What the original Ableton Push controller did that was so special was to create a new kind of creative workflow. The intuitive interface provided an incredibly tactile alternative to programming in Live, as opposed to simply using a mouse and keyboard.


Ableton Push 2


The partnership between Akai and Ableton didn't appear to last long however, as just three years later in 2015, Ableton released the Push 2, which was developed solely by Ableton. This is important as up until this point Ableton did not have an in-house hardware capability.


The Ableton Push 2 upgraded on the original in almost every way and was extremely well received. Improvements included more sensitive pads, a larger full colour screen, and fantastic graphical visualisations.


Ableton Push 2 Controller

Since the release of the Push 2 there have been various updates. The latest major Ableton Push 2 firmware update introduced MPE (MIDI Polyphonic Expression) in early 2021 to coincide with the release of Ableton Live 11.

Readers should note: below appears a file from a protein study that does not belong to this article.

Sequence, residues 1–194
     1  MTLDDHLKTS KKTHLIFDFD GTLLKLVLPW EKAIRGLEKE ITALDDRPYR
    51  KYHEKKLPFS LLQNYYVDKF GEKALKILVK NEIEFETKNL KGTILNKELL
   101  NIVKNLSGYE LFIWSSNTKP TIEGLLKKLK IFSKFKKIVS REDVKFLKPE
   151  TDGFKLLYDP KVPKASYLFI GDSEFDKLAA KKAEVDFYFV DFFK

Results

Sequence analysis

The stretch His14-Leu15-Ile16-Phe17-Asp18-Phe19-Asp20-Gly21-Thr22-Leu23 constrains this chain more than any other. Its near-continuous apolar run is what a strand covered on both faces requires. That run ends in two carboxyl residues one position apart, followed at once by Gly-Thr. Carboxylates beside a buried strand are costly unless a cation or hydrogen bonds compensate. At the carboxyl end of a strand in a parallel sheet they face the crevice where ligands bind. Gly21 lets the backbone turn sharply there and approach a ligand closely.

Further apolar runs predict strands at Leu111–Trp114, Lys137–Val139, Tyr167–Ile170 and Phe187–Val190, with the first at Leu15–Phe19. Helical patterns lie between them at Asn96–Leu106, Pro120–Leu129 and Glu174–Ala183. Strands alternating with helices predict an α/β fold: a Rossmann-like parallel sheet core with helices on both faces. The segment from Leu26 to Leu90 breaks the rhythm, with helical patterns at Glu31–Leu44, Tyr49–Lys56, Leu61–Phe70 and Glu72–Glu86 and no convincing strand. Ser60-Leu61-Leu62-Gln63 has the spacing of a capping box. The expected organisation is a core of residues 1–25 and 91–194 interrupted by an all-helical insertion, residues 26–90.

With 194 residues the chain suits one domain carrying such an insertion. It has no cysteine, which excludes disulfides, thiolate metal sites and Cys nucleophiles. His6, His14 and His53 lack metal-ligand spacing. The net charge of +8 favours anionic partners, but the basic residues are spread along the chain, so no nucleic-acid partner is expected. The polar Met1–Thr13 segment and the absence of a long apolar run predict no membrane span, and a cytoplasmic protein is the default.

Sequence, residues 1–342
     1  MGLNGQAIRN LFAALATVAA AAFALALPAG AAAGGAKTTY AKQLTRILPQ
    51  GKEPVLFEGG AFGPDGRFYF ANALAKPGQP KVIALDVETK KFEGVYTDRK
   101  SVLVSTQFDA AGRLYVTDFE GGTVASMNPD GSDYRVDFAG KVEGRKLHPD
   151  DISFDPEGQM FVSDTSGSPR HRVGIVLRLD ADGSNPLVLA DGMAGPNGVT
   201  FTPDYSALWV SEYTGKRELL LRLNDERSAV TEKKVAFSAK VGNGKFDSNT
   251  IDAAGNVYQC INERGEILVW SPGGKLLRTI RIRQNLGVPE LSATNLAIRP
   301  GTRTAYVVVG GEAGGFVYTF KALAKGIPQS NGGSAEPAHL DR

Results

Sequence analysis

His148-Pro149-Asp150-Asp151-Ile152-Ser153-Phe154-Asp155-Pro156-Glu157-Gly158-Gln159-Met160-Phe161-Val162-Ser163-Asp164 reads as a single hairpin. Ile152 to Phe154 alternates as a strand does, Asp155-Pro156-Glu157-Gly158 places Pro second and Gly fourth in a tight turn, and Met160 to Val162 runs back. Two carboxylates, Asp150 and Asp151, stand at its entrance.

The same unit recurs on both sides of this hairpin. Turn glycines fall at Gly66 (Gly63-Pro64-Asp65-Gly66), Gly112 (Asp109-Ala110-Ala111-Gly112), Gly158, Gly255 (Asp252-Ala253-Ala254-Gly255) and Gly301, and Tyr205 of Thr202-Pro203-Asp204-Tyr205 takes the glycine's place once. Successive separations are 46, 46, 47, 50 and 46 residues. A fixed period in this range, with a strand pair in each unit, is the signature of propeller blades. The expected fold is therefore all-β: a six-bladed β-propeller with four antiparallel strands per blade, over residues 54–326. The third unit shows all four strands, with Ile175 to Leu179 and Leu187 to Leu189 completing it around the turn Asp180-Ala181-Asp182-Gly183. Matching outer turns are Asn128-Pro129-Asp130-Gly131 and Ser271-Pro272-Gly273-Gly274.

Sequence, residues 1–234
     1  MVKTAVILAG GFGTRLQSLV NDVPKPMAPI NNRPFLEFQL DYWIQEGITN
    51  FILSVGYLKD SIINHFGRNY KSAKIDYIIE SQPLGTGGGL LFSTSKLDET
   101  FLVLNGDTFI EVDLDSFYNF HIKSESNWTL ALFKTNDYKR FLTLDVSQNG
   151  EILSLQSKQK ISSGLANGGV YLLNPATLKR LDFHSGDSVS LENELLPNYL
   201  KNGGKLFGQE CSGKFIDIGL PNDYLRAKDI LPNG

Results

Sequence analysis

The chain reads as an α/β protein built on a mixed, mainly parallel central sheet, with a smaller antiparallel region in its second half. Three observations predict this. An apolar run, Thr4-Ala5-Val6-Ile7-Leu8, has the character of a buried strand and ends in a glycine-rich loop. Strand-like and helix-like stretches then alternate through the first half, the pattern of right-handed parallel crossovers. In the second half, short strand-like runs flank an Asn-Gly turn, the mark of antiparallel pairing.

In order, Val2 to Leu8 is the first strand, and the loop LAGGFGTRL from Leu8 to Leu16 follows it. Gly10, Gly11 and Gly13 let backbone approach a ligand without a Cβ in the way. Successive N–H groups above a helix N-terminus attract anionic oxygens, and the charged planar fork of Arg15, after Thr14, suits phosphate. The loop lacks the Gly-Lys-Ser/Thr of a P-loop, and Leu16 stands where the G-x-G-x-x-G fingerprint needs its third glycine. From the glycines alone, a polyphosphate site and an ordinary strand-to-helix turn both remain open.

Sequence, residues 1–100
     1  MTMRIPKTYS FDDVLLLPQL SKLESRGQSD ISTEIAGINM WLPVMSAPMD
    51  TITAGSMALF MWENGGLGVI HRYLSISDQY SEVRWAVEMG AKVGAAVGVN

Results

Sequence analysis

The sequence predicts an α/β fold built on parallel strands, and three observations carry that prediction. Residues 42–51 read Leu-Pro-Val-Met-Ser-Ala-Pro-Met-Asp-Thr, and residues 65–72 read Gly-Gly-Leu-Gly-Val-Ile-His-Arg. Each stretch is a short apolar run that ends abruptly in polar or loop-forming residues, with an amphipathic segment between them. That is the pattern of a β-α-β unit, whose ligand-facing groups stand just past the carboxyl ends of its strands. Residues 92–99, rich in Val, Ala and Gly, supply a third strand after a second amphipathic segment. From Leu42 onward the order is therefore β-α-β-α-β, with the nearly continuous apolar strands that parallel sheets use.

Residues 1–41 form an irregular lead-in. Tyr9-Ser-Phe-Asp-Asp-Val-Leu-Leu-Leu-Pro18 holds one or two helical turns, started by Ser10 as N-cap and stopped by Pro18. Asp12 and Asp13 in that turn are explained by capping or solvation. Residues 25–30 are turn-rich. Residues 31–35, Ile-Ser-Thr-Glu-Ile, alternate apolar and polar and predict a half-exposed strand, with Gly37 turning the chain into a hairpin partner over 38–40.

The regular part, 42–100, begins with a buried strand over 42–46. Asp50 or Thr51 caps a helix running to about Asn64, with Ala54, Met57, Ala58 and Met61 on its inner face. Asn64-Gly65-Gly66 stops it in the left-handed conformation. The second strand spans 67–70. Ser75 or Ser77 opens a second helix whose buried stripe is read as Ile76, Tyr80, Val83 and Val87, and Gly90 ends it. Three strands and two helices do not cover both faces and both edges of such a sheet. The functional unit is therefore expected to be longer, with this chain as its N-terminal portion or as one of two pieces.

It's still an extremely capable device, and it's obvious that Ableton remain committed to fully supporting it, however, the fact remains that more than six years have passed since its release, which is a fairly long time in any device's lifecycle.


Ableton Push 3 Speculation


Ok, so the Push 2 has been around a while. Is this the only reason why we should expect to see a Push 3 in the near future? - Well no, not quite.


Since the release of the Push 2 the world has not stood still. The momentum now seems to be for more and more companies to release their own standalone controllers.


Take audio production powerhouse Native Instruments for example. In 2020 they released the Maschine+ that is a standalone device that takes advantage of the company's massive library of software instruments, effects, and samples by incorporating them seamlessly into the device itself.